What Shakespeare's Plays Teach Us About
April 2011/ ISBN 006176910X
Nonfiction / Shakespeare / Law / Social Justice
by Carmen Ferreiro
The burden of proof, a jury of peers, the presumption of innocence
are things we consider necessary for the administration of justice
in XXI century America. But it was not always thus, as Kenji Yoshino
shows us in A Thousand Times More Fair, by examining the
different ways that justice was served (or not) in the different
time periods (from Rome to the XVII century) as presented by Shakespeare
in nine of his plays.
The plays Mr. Yoshino discusses and the points about justice he
takes from them are summarized as follows:
In Titus Andronicus (Roman times) he shows us how when revenge is
the substitute for justice the result is an unending circle of violence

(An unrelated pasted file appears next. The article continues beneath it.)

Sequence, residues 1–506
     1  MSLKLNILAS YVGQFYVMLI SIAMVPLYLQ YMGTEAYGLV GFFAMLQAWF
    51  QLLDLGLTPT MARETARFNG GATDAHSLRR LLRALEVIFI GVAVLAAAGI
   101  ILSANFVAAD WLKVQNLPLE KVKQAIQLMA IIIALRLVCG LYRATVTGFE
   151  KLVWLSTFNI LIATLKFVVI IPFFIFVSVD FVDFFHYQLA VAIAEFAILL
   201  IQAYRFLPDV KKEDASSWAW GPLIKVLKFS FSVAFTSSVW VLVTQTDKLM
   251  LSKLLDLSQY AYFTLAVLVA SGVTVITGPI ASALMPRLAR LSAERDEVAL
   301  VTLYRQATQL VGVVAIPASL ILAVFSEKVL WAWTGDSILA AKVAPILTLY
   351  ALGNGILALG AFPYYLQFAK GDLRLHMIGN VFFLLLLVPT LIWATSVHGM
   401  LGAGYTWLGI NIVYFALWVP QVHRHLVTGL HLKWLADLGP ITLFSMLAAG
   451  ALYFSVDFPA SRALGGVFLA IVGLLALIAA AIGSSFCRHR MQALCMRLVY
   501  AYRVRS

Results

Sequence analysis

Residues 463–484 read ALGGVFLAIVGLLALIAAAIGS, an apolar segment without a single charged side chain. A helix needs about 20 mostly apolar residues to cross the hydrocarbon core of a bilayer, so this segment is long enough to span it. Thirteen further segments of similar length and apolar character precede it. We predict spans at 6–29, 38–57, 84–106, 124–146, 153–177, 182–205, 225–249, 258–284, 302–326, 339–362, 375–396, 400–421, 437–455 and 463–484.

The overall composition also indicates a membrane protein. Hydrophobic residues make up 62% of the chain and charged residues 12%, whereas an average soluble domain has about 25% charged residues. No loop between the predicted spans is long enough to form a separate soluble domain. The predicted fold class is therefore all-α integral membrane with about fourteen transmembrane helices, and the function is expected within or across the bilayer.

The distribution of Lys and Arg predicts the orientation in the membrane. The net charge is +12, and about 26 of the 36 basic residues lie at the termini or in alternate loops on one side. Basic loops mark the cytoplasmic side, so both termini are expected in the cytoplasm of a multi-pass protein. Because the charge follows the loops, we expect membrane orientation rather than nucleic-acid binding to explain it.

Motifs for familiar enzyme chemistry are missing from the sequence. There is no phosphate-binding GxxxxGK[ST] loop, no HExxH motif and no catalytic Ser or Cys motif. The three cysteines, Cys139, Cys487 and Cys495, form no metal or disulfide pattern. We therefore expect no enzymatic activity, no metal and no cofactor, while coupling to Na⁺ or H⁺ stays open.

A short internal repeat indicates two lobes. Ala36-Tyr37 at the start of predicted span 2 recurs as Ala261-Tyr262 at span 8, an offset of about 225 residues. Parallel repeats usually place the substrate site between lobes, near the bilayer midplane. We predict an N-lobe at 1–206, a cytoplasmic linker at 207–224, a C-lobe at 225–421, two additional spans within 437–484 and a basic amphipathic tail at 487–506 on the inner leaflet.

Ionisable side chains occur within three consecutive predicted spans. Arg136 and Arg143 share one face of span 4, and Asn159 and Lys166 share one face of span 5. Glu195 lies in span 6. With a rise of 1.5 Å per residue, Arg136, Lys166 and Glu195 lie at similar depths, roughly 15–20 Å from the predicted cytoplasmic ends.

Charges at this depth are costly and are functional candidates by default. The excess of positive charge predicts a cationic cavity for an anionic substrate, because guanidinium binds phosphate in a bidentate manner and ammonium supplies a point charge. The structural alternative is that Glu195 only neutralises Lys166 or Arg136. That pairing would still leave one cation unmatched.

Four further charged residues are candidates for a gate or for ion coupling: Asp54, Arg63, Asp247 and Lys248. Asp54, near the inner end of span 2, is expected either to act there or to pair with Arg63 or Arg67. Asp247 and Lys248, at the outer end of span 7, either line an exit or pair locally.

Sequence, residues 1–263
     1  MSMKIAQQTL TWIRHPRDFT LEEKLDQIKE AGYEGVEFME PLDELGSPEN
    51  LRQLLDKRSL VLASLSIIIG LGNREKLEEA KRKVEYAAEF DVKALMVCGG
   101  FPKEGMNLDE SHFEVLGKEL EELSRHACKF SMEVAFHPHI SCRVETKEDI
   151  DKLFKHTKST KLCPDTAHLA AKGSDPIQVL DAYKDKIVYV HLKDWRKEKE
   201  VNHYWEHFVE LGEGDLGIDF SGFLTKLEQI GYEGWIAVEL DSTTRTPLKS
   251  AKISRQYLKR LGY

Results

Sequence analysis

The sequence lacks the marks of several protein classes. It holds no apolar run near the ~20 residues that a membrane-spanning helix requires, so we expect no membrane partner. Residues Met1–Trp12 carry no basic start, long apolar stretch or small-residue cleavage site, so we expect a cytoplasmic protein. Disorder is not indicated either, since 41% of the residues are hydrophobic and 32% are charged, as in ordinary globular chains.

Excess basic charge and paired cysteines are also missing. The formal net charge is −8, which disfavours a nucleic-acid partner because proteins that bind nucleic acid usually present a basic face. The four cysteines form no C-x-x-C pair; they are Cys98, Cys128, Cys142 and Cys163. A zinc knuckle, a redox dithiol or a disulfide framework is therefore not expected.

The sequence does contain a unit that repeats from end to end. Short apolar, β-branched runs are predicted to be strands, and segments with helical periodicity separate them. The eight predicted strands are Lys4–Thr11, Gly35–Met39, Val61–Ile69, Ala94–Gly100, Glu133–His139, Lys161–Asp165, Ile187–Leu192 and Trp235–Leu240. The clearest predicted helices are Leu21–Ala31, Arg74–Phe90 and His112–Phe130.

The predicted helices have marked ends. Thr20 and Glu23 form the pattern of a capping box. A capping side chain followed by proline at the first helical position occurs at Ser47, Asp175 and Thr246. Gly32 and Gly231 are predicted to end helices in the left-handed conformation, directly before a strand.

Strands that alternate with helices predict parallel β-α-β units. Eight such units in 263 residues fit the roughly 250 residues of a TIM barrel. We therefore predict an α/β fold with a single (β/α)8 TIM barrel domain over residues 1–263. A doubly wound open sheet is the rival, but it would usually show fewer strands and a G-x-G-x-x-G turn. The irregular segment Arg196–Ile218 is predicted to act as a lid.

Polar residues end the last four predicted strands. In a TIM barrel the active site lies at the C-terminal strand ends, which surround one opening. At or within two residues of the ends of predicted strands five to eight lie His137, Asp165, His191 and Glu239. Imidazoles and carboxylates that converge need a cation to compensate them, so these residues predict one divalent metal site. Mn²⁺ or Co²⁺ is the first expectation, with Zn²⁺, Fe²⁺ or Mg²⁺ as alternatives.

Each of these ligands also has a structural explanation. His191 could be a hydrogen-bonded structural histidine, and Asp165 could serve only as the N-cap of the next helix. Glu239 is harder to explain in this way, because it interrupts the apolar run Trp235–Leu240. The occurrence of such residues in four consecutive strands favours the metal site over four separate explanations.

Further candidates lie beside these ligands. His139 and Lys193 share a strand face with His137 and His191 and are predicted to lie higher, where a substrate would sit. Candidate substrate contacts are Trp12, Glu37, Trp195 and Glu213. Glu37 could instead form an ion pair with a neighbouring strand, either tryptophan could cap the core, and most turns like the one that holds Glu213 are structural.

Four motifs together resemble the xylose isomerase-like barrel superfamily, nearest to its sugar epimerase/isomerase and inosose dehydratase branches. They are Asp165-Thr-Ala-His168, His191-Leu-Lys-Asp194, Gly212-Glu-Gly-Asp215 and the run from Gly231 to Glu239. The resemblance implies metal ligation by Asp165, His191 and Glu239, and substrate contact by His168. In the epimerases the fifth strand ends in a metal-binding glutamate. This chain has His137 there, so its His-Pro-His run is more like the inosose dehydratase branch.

In the Merchant of Venice, he criticizes Ms. Portia's use of rhetoric
to accomplish her own ends.
In Measure for Measure he questions whether an unfair law should
In The Henriad (the plays about Henry V) he discusses the concept
of the King as the source of absolute power.
In Othello he warns about the dangers of a blind faith in material
In Macbeth he underlines the pagan belief in natural justice.
In Hamlet he argues that the prince's hesitation comes from his
desire for a perfect justice, an unattainable end that causes unexpected
In King Lear, the king's madness separates him from human law and
gives him a clear vision into justice.
Finally, in The Tempest, he proposes that even the fairest of rulers
must give up power before it corrupts them.
In each chapter, Mr. Yoshino brings a parallel between the ideas
discussed in that particular play and current events, and, by doing
so, he shows how little the world has changed since Shakespeare's
The message, if there is one, I found in Kenji Yoshino's examination
of how justice is served in Shakespeare's' plays is that justice
is anything but fair.
A Thousand Times More Fair is a highly entertaining read,
both controversial and enlightening and I highly recommend it.